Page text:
Time Travelers & Bonfires Boasts Some Of Sevendust’s Best Music To Date

Courtesy:  7Bros Records/Asylum

Courtesy: 7Bros Records/Asylum/In De Goot Entertainment/Alternative Distribution Alliance

Veteran hard rock band Sevendust is one of the most highly revered bands in the world of rock and hard rock. That is because every one of its now ten full length studio albums has exhibited the band’s growth while maintaining a certain familiar heavy vibe throughout each record. The band’s latest album Time Travelers & Bonfires is no exception to that rule. Even being a largely acoustic release (there are some non-acoustic elements spaced throughout the record), the band has somehow managed to maintain that familiar heaviness that is a trademark for Sevendust’s albums. That is evident right from the album’s opener, ‘Come Down.’ It’s just as evident late in the album with the band’s re-worked acoustic take on ‘Denial.’ This re-worked classic is especially interesting as it presents a whole new emotional vibe in its acoustic state. It makes the song even heavier in an emotional manner of speaking. And then there is the album’s closer, ‘Black,’ which is also the band’s first major hit. This song is just as heavy in its acoustic form as it is in its original take. What’s more it’s just as heavy as the other acoustic re-works that populate this album. Together with the other noted songs (and those not noted for reasons of space), it completes an album that any diehard Sevendust fan will enjoy no less with each listen.

The members of Sevendust have managed to make each of the band’s now ten albums sound different from the previous release all while maintaining a certain heaviness throughout each record. The band’s latest release is no different in that aspect. Even on an album that is mostly acoustic, the band has managed to maintain that heaviness while creating something different, both on its new songs and those that have been re-worked. This is evident right from the album’s opener, ‘Come Down.’ This piece could have fit on any of the band’s previous albums comfortably. Lyrically, it’s such a bold statement. Front man Lajon Witherspoon sings defiantly in the song’s opening verse, “I guess for now/I’m gonna up and run away/My mind’s made up/I’m not the flaw/I’m not gonna fall in the grave/Just to prove you wrong.” The verse here is pretty cut and dry. It’s stating that some things just aren’t worth the fight and all the trouble. That’s made even more clear in the song’s chorus, as Witherspoon sings “You know you’re wrong/So come down/You must be out of your mind/We’re staying here forever, yeah/Until we’re all done throwing life away.” It’s such a bold statement. Yet, the balance of power and gentility in both Witherspoon’s vocals and the song’s musical side make it such a heavy song in its own right. Yet again it shows the band’s continued ability to make a song that has its own identity from previous works yet still has that familiar musical and lyrical heaviness; This, even though it’s not one of the band’s full-on pieces.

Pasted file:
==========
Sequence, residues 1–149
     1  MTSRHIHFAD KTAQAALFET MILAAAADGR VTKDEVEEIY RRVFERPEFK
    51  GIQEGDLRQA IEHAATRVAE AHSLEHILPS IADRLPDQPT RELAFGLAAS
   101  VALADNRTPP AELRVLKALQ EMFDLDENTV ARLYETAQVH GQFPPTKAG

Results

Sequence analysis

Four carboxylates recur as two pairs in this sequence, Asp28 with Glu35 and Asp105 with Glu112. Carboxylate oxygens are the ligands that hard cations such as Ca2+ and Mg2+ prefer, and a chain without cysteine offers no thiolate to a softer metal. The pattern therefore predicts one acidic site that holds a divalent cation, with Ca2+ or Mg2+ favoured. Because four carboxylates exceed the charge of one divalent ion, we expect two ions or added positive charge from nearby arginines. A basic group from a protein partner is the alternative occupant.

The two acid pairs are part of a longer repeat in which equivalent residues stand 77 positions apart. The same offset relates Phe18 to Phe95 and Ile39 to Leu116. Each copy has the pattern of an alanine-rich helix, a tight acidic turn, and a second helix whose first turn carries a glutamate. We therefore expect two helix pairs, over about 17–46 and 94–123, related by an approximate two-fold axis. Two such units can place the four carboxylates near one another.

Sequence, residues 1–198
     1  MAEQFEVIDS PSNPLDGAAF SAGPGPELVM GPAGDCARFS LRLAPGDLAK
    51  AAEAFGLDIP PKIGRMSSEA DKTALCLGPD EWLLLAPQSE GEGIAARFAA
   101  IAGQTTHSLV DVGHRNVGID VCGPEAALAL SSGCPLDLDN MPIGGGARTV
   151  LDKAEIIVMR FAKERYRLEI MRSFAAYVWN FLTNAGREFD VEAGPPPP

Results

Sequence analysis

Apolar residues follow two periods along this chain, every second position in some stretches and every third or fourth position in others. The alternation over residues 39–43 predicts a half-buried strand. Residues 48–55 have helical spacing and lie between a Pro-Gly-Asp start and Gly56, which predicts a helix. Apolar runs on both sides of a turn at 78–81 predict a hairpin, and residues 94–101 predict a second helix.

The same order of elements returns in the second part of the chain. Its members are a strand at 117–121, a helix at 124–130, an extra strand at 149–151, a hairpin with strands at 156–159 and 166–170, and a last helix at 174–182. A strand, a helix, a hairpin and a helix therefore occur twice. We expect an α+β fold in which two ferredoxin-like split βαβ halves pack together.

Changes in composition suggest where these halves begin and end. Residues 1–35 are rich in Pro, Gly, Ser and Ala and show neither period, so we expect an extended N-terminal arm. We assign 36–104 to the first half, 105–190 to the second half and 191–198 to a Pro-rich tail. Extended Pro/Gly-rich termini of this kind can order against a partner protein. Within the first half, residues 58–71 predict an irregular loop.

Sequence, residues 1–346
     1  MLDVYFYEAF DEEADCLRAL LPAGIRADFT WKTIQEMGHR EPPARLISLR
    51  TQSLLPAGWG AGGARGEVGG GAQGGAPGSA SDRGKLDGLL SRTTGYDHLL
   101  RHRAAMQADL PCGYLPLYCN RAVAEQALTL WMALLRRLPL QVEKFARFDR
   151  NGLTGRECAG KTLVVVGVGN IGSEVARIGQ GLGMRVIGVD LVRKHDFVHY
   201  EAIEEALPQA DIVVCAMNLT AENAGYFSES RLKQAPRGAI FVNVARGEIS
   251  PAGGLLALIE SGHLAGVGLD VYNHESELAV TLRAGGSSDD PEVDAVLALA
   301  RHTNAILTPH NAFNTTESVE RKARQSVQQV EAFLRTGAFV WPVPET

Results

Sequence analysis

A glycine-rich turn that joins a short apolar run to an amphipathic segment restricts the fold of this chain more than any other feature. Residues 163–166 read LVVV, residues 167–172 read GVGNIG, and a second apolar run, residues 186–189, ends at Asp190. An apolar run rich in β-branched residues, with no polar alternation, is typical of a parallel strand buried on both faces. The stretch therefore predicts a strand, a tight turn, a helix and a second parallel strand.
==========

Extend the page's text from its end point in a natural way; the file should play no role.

‘Come Down’ is one of six new tracks included on Time Travelers & Bonfires. Audiences will find that just as with ‘Come Down’, the other five new tracks included on this record also manage in their own way to build a different sound while maintaining Sevendust’s trademark heavy vibe. ‘Under It All’, the second of the new tracks proves that as it starts off with a short, but foreboding piano riff that conjures thoughts of Nine Inch Nails circa 1994. It’s just one more example of how the album’s new tracks each continue to exhibit the creativity and talent of Sevendust as a whole. Of course the band’s re-worked classics do their own part in making this album enjoyable, too. One prime example of that is the re-worked acoustic take on ‘Denial.’ The song, which was originally part of the band’s 1999 album Home, takes on a whole new life in its acoustic format here. The song’s original take is heavy and defiant. This take on the song is totally different. The mix of the acoustic guitars and Witherspoon’s vocals maintain the song’s anger. But there’s a certain increased emotional depth to the song with that mix. It gives the image of a man feeling anger and sadness all at the same time as he sings, “You never say what you mean/All I hear is scream/Never say that to me/Never say that to me/Wipe that s&*% off your face/Let’s not stop till we bleed/The more you spit out your mouth/The less I believe/Denial seems it had to come/Relied on me to say it all/Denial has left you all alone.” The song really does develop its own identity separate from its original take in this format. It could almost be considered a whole new song because of that wholly different emotion exhibited here. Once more, it shows the creativity and talent of the band. It is definitely one more of this album’s highest of points. It’s not the last of the album’s high points, either.

Sevendust exhibits so much creativity and talent throughout the course of the songs that make up Time Travelers & Bonfires. That has been shown already in the band’s re-worked acoustic take on ‘Denial’ and its new song ‘Come Down.’ Fittingly, Sevendust closes out its new album with the song that started it all in a re-worked acoustic take on ‘Black.’ There was no better final touch to this album than the band’s first hit. Whereas ‘Denial’ and other re-worked songs included on Time Travelers & Bonfires develop a whole new identity in their acoustic versions, this song is much the same in its acoustic take as in its original heavier take. That’s actually a good thing in the case of this song. One can’t help but wonder if it could in fact be better than the original take. It has just as much ferocity as the song’s original take. But there’s a certain different punch about it that puts it over the top in this setting. That punch makes it the perfect last impression for this record. It leaves the album feeling complete in every sense of the word. And in turn, listeners will feel after having heard this last dose of acoustic heaviness just why Time Travelers & Bonfires is one of Sevendust’s best albums to date.